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Cardinal Maurizio di Savoia
(1593-1657)


Other Titles and Honours

Principe d'Oneglia[1]

Positions Held

Deacon of Santa Maria in Via Lata, 1626-42[3]
Commendatory abbot of Casanova, Saluzzo, 1618[3]
Lieutenant-general of Piedmont, 1615[3]
Archbishop of Monreale[2]
Bishop of Vercelli, 1611[2]
Canon in Turin, 1611[2]
Abbot commendatario of S. Michele della Chiusa, 1611

Main Events

After receiving his education in Spain, Maurizio entered an ecclesiastical career from a very early age for political reasons, having never taken his vows.[3] He was sent to Rome in 1623 and took part in the election of Pope Urban VIII. His brother Duke Vittorio Amedeo I signed the 1634 treaty of Rivoli with France which Maurizio opposed, and so he defected to Spain and the Empire, accepting their protection. He tried to return to Piedmont in 1638 to put forward his claim for the regency of Savoy, but he was not granted permission to enter by his sister-in-law the Madama Reale, the dowager duchess (and his future mother-in-law), who was supported by France. With some support offered by Spain, Maurizio, along with his brother Thomas, was able to win great support for his cause through the publication of a manifesto opposing the Madama Reale, and eventually, the people became divided in two sides known as the Cardinalists and the Madamists, sparking a civil war. Maurizio was able to capture most of the important cities by late 1639. Once the Madama Reale realised that defeat was near, she offered Maurizio her daughter's hand in marriage. He resigned his ecclesiastical offices and married.[2]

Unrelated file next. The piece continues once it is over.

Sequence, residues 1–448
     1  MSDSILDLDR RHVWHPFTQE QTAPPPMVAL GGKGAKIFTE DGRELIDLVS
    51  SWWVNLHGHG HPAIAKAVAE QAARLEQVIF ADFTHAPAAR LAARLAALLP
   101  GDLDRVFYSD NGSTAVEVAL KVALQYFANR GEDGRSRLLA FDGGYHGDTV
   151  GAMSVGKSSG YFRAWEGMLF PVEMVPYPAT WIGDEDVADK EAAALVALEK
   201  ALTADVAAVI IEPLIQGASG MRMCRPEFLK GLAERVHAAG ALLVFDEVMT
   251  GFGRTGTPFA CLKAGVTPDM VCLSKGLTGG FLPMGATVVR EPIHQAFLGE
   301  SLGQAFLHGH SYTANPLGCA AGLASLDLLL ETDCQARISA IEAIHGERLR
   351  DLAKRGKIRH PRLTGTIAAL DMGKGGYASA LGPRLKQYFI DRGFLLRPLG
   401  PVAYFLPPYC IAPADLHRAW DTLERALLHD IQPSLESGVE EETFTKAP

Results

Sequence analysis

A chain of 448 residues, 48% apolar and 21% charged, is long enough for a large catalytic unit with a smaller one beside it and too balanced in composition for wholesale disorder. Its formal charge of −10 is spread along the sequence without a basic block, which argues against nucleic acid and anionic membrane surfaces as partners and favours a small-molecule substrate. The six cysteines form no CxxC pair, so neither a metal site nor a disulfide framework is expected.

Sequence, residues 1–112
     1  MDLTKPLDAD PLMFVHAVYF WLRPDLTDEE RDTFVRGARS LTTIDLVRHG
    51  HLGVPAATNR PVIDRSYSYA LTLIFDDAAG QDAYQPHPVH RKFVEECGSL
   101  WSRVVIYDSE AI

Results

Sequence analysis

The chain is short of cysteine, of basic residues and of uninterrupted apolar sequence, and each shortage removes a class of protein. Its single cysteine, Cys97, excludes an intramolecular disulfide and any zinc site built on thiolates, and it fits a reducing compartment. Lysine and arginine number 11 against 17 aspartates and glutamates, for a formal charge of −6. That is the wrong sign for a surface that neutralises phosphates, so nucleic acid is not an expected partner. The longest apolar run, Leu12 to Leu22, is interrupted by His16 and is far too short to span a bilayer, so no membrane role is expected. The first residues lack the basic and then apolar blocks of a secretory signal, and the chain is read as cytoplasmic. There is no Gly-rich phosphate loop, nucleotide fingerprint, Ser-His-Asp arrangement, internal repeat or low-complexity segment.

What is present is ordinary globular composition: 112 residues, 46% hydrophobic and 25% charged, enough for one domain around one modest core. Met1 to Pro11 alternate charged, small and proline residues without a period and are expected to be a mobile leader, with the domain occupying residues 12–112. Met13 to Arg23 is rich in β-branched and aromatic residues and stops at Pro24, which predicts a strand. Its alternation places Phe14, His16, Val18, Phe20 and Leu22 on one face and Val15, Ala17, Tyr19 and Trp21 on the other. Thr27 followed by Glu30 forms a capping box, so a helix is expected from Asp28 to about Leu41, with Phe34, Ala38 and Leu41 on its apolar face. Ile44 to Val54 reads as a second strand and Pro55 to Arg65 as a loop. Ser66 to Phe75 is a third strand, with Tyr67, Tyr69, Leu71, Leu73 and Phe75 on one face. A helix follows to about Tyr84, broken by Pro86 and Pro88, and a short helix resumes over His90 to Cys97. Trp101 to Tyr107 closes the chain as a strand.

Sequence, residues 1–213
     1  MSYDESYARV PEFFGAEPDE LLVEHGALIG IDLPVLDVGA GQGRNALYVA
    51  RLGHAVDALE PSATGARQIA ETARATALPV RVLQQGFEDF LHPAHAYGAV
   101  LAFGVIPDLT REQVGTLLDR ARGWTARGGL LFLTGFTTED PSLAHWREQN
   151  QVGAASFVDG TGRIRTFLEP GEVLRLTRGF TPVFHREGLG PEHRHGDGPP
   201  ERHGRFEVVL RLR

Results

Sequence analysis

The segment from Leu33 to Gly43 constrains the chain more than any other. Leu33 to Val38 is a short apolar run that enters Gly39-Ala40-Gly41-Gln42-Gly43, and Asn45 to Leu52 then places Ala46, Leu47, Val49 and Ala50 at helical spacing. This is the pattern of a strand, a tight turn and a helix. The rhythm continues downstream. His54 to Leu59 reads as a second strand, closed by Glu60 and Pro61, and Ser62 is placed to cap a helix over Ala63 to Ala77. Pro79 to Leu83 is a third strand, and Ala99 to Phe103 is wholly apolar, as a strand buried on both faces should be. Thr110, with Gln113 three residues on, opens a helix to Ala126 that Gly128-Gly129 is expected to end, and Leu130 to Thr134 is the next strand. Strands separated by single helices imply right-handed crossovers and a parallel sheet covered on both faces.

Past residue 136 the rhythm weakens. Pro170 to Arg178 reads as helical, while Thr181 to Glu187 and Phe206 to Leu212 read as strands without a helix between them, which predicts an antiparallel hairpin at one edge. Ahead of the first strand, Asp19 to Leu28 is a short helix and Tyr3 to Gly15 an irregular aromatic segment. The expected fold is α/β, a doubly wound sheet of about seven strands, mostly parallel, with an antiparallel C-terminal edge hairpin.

Place of marriage: Turin[4]
Place of death: Turin[4]
Place of burial: San Michele della Chiusa, Turin[2]


 
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Sources

1. S. Guichenon. Histoire généalogique de la royale maison de Savoie, vol. 2. Turin: chez Jean-Michel Briolo, 1778.

2. Enciclopedia italiana di scienze, lettere ed arti, Vol. 30, Romania - Scap. Milano: Ist. Giovanni Treccani, 1936.

3. S. Miranda. Savoia, Maurizio di (1593-1657), The Cardinals of the Holy Roman Church. Florida International University Libraries, 2018.

4. H. Montgomery-Massingberd, ed. Burke's Royal Families of the World. Volume I: Europe & Latin America. London: Burke’s Peerage Ltd., 1977.
 

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